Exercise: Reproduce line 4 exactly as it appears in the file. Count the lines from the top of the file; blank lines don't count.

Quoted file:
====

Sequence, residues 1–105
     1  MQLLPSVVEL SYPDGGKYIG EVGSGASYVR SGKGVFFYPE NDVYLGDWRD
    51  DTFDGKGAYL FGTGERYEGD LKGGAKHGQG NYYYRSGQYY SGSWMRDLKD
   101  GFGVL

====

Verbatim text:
   101  GFGVL